How to Not Be an Anti-Dentite

About 5 months ago, I got a postcard in the mail letting me know it was time for my next appointment at the dentist’s office… so today, 5 months later, I strolled into the dentist’s office.

I love my dentist. He’s the father of an old friend, so I’ve known him forever and trust him and his hygienists with one of my most precious non-renewable resources: my teeth (have I told you yet about my awful teeth-falling-out nightmares? Terrifying.). So, as I enjoy their company, these people clean my teeth, give them a polish, and send me merrily on my way. Or at least, that’s how it used to be. As I get a little older, my dentist appointments aren’t nearly as carefree as they used to be.

I made my first mistake of the appointment early on. As I sat waiting to be called back into the depths of the office, I remembered the garlicky chicken I had had for lunch. I thought “hm, this probably won’t be pleasant for the people whose faces will be shoved into my mouth.” So, thinking very clearly in concern for others, I popped a peppermint into my mouth. About 20 seconds later, I got called into the office. Thinking quickly, I knew that the hygienist wouldn’t appreciate a patient with a mouthful of candy, so I chewed it up quickly. Yes, dispose of the evidence!… except that what I was left with was molars packed full of sugary pepperminty treats. Crap. I spent the next few minutes sneakily picking candy from my teeth. Gross, I know, but necessary. She never said a thing about it. After I had been given my fancy sunglasses and paper bib to wear for the duration of the appointment, the hygienist took a look inside my mouth.

“Hm, you’ve been brushing your teeth pretty hard lately, huh?”

“Psh, no. I mean, not THAT hard. I’ve done it harder.”

Then I mumbled something about how it was ok anyway, because my gums were tough, almost leather-like, and that I could handle it.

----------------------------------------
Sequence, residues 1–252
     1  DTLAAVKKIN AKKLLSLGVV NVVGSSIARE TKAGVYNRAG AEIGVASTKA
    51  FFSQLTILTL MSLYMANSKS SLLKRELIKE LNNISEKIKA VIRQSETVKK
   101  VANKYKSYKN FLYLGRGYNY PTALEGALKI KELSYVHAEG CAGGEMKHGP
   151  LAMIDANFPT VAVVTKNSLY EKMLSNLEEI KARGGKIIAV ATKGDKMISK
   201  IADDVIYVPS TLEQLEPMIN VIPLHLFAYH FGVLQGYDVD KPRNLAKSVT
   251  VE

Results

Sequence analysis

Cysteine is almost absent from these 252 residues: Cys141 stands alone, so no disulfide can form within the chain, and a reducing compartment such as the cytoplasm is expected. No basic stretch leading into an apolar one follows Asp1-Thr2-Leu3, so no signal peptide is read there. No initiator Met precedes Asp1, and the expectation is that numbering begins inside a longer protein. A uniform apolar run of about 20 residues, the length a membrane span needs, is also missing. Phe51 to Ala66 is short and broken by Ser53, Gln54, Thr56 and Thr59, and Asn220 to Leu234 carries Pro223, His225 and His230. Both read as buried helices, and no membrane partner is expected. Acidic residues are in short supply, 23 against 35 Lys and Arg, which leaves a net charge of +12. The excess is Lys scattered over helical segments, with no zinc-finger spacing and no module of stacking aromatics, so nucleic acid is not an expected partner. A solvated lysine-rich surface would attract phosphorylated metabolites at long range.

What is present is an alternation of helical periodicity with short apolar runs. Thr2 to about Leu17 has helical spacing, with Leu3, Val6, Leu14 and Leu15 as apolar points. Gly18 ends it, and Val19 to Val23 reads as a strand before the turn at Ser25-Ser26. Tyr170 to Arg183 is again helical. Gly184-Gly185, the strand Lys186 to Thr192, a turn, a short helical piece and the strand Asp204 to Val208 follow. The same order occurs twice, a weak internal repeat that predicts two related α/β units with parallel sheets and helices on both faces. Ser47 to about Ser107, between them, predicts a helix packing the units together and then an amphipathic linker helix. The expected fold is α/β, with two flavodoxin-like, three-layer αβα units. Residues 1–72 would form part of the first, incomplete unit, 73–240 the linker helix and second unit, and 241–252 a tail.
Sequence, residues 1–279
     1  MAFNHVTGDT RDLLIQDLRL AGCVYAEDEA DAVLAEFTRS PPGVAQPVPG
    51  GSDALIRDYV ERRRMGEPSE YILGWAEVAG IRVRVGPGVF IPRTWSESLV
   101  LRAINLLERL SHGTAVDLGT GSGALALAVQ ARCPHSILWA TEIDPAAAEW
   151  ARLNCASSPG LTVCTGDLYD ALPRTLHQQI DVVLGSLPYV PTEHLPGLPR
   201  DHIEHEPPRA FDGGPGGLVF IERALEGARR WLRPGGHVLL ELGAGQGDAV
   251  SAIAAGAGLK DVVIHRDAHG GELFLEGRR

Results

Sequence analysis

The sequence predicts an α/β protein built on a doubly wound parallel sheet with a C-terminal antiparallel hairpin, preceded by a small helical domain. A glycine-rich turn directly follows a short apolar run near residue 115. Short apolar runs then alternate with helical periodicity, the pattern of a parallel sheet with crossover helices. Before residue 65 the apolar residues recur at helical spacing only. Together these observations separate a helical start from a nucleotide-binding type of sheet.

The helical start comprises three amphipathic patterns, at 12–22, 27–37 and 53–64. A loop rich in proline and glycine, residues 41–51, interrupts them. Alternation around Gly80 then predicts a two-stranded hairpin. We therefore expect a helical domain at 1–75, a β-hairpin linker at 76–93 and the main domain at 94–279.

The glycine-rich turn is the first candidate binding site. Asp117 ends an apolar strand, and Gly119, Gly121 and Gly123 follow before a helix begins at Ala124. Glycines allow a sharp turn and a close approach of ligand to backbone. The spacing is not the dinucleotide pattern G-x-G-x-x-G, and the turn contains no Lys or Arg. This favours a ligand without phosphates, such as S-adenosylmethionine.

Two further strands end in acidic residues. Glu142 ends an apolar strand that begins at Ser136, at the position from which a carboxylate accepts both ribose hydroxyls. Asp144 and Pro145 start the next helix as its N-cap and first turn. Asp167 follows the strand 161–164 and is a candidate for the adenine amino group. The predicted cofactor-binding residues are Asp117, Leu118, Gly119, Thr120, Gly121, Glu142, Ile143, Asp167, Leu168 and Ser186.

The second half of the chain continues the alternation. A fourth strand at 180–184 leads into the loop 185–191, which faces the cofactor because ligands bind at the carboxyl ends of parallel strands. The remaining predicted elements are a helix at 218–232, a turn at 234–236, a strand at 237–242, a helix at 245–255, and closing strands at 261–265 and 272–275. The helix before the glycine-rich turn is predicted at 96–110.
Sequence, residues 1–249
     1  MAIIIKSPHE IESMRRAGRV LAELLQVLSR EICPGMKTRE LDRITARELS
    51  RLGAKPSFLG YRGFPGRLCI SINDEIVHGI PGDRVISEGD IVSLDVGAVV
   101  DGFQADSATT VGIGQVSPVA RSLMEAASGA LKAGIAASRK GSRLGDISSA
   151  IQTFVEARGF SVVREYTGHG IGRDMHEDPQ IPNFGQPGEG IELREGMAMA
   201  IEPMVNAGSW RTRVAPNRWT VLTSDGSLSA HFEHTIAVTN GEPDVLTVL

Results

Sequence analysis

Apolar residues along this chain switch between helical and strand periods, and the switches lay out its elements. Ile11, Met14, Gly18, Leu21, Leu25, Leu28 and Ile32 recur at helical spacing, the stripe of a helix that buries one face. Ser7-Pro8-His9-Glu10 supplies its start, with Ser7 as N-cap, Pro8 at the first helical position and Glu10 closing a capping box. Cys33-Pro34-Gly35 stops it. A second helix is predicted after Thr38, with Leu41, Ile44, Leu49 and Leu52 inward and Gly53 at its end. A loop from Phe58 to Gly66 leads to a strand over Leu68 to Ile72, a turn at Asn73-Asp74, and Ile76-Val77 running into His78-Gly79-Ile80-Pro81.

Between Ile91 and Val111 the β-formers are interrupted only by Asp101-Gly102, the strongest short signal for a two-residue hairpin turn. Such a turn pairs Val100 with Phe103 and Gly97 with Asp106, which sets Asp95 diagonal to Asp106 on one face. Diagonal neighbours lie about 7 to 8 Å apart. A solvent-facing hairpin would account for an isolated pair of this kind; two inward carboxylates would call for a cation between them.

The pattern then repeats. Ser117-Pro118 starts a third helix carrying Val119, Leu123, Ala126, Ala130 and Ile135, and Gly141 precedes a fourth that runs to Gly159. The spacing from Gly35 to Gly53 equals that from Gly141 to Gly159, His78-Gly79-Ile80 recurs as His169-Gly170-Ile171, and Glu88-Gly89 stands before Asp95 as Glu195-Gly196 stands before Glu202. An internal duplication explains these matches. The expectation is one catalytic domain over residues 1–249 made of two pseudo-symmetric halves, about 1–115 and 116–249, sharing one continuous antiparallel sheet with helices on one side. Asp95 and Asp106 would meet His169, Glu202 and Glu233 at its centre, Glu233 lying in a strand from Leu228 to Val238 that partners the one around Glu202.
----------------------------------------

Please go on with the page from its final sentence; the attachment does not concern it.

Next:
Why I felt guilty about my toothbrush pressure, I’m not sure. I shouldn’t feel bad about it — I stopped lying to them when they ask me if I floss everyday a long time ago. Now, the answer to the floss question is a laugh and maybe a “yeah, right.” Flossing is hard, and unless I’ve had a serious night of buffalo wings, it’s generally not on my agenda.

The next question came when she was in full on scrapey-mode. With her blades and needles in my mouth, she asked

“So, you’ve been drinking a lot of coffee lately?”

“Yah. I ‘rink mo-ah tha’ I use to in da ‘ornings ‘ow.” (which is how “I drink more than I used to in the mornings now” sounds when you’re trying not to get your tongue stabbed by a machete in your mouth)

I felt incredibly guilty for all these dental infractions, and strangely suspicious at the same time. What else did she know? What other secrets do my gums hold? What did she see, but not tell me because I’d think she knew too much and possibly turn her water-pik on her?

She must have known I was up to something (from her angle, she could probably see the cogs turning in my melon) and she dulled, nay destroyed, any hard-ish feelings I had for her as she gifted me with millions of tubes of tiny toothpaste as I left (note: only 4 but it seemed like a lot).

I am happy again. Yes, that is all it takes.